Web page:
My latest in the Washington Times.
The U.S. Securities and Exchange Commission (SEC) recently announced it was taking action to curb false and misleading statements by publicly-owned companies.
While this seems like a promising development on its face, there’s good reason to believe this is a Biden administration effort to weaponize the SEC for the purpose of advancing its climate agenda.
On March 4, the SEC announced that its Division of Enforcement, the part of the agency that polices companies for fraud, was establishing a Climate Task Force. The ostensible purpose is to “identify any material gaps or misstatements in issuers’ disclosure of climate risks under existing rules.”
There are two problems with this mission.
First, publicly-owned companies registered with the SEC have always been required to fully disclose all significant risks to business, whether from standard business and market risks to government regulation, to litigation and even to natural disasters, including those caused by weather.
For instance, in 2010 during the Obama administration, amid the last frenetic press to pass cap-and-trade legislation and damage coal, oil and natural gas industries, the then-Democrat-controlled SEC issued special rules for disclosing risks to business related to climate change. These rules were largely superfluous and duplicative since companies are already under a legal obligation to disclose material risks to business.
In the 10 years since the Obama-era SEC rules were issued, no one has identified any specific failures in disclosure. This is not for lack of trying by climate activists. During the past few years, there has been plenty of litigation by activists and investigations by state attorneys general over corporate climate disclosures.
Virtually all of this has centered around what energy companies “knew” (read “had a few thoughts”) about the effect of emissions on climate during the 1970s through 1990s. Certainly none of it has anything to do any post-2010 disclosures.
Consequently, to the extent the SEC Climate Task Force is focusing on disclosures of climate risks to business, it will likely be a waste of time and effort.
The second and more serious problem is that the SEC could very well overlook the actual dissembling related to climate.
Many companies have gone from merely disclosing climate risks to using climate as a business marketing opportunity.
Some companies now routinely boast that they are taking action to “combat climate change” or to meet the goals of the Paris climate accord or to otherwise somehow save the planet. From oil to airline to tech companies, all now boast about cutting emissions, going carbon neutral by buying carbon offsets or otherwise being “climate-friendly.”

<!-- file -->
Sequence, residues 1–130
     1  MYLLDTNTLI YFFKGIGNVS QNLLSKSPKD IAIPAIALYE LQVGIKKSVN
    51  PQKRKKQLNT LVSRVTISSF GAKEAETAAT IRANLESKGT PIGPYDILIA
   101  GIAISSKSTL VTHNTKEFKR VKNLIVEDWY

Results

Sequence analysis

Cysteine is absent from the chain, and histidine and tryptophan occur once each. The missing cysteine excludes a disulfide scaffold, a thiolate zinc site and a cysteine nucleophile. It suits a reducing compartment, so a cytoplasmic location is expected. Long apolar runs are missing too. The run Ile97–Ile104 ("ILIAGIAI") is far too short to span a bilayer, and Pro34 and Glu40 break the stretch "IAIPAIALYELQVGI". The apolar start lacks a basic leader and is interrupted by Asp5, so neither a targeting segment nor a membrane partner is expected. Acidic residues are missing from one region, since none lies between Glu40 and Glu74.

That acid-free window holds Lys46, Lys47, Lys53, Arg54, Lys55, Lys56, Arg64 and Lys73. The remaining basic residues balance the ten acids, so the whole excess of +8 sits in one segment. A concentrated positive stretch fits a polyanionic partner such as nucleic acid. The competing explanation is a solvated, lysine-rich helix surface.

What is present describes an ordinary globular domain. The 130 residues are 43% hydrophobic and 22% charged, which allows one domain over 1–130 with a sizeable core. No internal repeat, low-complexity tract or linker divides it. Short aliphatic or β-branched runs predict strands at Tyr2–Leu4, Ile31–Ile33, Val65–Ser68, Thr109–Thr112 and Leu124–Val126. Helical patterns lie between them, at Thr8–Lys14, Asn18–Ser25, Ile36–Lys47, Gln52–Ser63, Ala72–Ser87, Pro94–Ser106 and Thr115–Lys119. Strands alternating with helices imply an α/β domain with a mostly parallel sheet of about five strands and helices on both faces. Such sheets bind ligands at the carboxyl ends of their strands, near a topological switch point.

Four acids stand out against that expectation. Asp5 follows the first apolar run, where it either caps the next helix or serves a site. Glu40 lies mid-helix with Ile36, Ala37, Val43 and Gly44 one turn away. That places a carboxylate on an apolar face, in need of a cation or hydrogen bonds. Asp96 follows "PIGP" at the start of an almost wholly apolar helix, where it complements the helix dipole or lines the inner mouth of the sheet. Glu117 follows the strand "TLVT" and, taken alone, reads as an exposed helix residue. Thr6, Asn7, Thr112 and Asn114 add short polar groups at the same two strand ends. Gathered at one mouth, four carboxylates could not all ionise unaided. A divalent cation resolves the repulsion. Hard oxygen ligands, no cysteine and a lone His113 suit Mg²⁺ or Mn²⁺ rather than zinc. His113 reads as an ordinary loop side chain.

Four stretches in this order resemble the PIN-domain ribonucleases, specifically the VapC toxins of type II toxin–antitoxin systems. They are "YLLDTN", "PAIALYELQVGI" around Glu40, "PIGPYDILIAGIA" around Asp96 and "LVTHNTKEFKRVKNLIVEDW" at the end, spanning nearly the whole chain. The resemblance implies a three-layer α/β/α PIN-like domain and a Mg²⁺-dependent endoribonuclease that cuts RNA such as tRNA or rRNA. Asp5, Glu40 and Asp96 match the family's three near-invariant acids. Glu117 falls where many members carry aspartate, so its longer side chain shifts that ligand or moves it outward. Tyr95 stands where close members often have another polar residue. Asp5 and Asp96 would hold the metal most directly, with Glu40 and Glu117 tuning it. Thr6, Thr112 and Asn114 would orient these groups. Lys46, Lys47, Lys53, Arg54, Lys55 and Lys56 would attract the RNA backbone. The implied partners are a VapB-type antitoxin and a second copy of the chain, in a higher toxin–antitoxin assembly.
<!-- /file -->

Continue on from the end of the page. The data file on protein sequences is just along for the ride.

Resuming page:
In almost all cases, this is absolutely false and misleading rot, and the SEC has turned a blind eye to it.
No company’s emissions are a significant portion of global emissions. None have a discernible influence on global climate. No company is a signatory to the Paris climate accord. None can meet the agreement’s goals which are stated in terms of average global temperature, not emissions.
Going “carbon neutral” by buying so-called carbon offsets is in most cases a highly dubious if not outright fraudulent proposition. The reasons for this are too numerous to mention here, but suffice it to say that this is the one point that climate alarmists and climate skeptics agree on.
Certainly no company is saving the planet, whatever that means in the first place.
If other corporate disclosures were as false and misleading as corporate climate boasting, the U.S. Treasury would be overflowing with money collected from fines. Recall that the SEC fined Elon Musk $20 million and barred him from being chairman of Tesla for one single false and misleading tweet.
I petitioned the SEC to take action against this sort of actual corporate climate lying in August 2019. So far, the only sound coming from the agency is crickets.
Recently, Goldman Sachs alumnus Gary Gensler, an appointee of the Clinton and Obama administrations, had his confirmation hearing for the SEC chairman’s job with the Senate Banking Committee. With respect to possible further climate disclosure rules, Mr. Gensler told the committee “we will look at what information investors want.”
That, of course, is not the applicable legal standard. Disclosures must be material and not false and misleading. One would think an SEC chairman-designee would know that.
The investors Mr. Gensler referred to are either climate activists pretending to be investors or institutional investors and financial institutions that have been captured by partisan political actors. Wall Street loves climate alarm — not only for the politics but the anticipated green financing boondoggles.
Before the Senate votes to confirm Mr. Gensler, perhaps it could ask him what he plans to do to stop the actual corporate climate prevarication.
Steve Milloy publishes JunkScience.com, served on the Trump-Pence EPA transition team and is the author of “Scare Pollution: Why and How to Fix the EPA.”
March 15, 2021 at 06:52PM